Eight milligrams intravenous dexamethasone is equivalent to the same dose of perineural dexamethasone in prolonging the pain relief duration of a single injection multiple nerve blocks with bupivacaine 5 mg/mL and adrenaline 5 μ/mL after total knee arthroplasty. The comfort time was prolonged, intensity of pain at rest and during motion, as well as opioids consumption were low during 24 hours after block production in comparison with patients that accepted multiple nerve block without adjuvant dexamethasone. In the period between 24 and up to 36 hours the effect of blocks (i.e. the effect of local anesthetic with adjuvant dexamethasone) is gradually weakening and somewhere in the period of 48 hours it passes almost completely. The same blocks that were performed without adjuvant dexamethasone start to be weak significantly early, in the period of 6 to 12 hours. Not only the dynamics of purely subjective parameters (intensity of pain at rest and during motion, opioid consumption and comfort time), but also more objective variables, such as time of recovery of sensory and motor function after multiple nerve blocks confirm this conclusion. We recommend to take into account our results when prescribing an analgesic agent after total knee arthroplasty, preoperative use of multiple nerve blocks with or without adjuvant dexamethasone must be taken into account. In moderately obese patients the time of USguided multiple nerve blocks performing is similar compared to not obese. As adjuvant to local anesthetic bupivacaine with adrenaline, dexamethasone does not affect the time of stay in the PACU. During 48 hour post-op there was not diagnosed any neurological complications in our seria. We agree with Bartlett and Hartle. If the patient is going to accept multiple nerve blocks with adjuvant dexamethasone systemically or perineurally, it should be informed about potential side effects of dexamethasone.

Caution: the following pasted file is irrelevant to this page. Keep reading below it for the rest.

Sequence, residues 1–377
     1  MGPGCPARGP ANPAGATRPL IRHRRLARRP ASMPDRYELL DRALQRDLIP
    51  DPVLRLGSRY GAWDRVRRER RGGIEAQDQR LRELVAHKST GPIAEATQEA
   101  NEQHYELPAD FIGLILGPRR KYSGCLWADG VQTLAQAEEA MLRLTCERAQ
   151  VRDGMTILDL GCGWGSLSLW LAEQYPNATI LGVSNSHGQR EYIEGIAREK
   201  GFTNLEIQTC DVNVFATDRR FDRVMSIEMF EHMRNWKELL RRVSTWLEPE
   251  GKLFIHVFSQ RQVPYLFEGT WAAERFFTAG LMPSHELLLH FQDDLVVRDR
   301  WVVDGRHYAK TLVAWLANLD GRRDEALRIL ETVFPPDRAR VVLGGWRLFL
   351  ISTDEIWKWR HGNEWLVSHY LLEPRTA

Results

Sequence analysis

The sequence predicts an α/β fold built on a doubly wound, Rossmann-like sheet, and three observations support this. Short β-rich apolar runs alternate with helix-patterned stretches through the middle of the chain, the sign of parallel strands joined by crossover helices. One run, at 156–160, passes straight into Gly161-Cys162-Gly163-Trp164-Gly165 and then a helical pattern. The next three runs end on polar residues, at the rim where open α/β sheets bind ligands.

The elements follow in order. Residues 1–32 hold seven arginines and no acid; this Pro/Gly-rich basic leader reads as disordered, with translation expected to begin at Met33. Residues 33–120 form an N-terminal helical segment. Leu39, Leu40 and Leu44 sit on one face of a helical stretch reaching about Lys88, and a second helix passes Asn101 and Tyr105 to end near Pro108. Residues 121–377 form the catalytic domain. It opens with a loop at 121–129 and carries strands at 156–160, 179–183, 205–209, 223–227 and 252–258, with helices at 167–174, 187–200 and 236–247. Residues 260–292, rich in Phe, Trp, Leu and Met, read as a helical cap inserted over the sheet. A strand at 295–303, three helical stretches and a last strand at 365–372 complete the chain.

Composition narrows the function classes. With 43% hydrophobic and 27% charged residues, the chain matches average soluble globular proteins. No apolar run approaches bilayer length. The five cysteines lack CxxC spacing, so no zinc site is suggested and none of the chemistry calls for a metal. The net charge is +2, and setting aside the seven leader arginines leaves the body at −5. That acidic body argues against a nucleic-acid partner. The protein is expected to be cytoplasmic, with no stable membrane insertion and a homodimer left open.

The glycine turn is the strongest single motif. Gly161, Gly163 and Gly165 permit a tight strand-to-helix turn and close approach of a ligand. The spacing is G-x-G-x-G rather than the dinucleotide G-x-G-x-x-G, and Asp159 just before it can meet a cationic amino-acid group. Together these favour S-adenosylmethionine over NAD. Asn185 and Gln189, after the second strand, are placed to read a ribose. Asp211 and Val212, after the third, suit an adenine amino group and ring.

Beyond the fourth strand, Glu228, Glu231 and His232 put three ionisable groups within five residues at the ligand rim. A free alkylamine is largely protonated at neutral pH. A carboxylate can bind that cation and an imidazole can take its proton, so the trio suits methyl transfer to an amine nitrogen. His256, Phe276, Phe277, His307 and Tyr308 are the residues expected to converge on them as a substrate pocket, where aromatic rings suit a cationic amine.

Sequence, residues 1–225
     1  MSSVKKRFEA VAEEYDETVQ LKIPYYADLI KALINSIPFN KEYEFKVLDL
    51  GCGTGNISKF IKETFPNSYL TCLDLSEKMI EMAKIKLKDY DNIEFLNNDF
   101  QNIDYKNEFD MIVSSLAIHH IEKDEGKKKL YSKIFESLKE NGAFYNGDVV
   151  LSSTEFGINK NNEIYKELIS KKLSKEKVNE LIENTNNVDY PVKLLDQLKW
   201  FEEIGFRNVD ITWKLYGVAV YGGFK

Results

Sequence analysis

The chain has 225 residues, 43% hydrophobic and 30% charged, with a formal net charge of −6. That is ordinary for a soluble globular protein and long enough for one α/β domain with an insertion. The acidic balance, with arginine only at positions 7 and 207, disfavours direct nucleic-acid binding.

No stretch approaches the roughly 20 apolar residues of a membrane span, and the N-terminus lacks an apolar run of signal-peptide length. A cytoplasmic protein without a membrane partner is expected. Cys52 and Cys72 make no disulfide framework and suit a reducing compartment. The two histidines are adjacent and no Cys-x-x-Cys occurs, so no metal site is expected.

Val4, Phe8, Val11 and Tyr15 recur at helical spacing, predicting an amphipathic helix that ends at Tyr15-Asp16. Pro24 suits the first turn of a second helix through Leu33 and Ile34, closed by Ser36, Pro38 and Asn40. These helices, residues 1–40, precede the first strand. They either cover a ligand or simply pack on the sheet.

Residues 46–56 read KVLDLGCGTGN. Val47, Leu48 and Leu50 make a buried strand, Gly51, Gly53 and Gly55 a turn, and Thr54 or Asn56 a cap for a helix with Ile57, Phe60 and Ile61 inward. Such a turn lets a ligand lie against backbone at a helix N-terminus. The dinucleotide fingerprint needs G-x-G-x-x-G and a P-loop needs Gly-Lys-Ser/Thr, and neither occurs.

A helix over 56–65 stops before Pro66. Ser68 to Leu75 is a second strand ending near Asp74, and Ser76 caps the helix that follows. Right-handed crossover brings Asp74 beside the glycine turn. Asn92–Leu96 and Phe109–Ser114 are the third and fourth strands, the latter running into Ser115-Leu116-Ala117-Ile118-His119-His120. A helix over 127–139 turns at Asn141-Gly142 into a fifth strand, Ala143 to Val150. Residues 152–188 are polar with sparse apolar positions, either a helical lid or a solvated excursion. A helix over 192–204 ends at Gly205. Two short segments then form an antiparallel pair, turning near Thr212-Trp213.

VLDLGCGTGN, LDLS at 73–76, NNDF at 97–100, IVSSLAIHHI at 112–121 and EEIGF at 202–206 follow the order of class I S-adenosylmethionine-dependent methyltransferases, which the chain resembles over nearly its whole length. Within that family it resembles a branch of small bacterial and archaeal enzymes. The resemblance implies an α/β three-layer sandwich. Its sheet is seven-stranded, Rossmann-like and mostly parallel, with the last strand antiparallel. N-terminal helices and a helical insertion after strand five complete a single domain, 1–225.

Acknowledgement

The authors would like to acknowledge the nursing staff of the PACU of Hillel Yaffe Medical Center for practical assistance when performing blocks; the residents of the Department of Anesthesiology for practical assistance in data collection, especially intraoperative data; the nursing staff of the Department of Orthopedics for their assistance in data collection during the first two postoperative days.

Registration: ClinicalTrials.gov PRS.NCT02253784. Protocol registration receipt 10/01/2014

Conflict of Interest

No potential conflict of interest relevant to this article was reported.